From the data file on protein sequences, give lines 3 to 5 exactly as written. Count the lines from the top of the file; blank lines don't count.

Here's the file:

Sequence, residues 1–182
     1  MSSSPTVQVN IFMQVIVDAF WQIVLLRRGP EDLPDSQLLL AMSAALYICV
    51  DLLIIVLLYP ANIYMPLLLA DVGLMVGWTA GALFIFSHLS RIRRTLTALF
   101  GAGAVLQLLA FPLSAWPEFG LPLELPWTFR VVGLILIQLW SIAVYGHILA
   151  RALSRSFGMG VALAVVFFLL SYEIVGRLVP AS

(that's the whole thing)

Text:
    51  DLLIIVLLYP ANIYMPLLLA DVGLMVGWTA GALFIFSHLS RIRRTLTALF
   101  GAGAVLQLLA FPLSAWPEFG LPLELPWTFR VVGLILIQLW SIAVYGHILA
   151  RALSRSFGMG VALAVVFFLL SYEIVGRLVP AS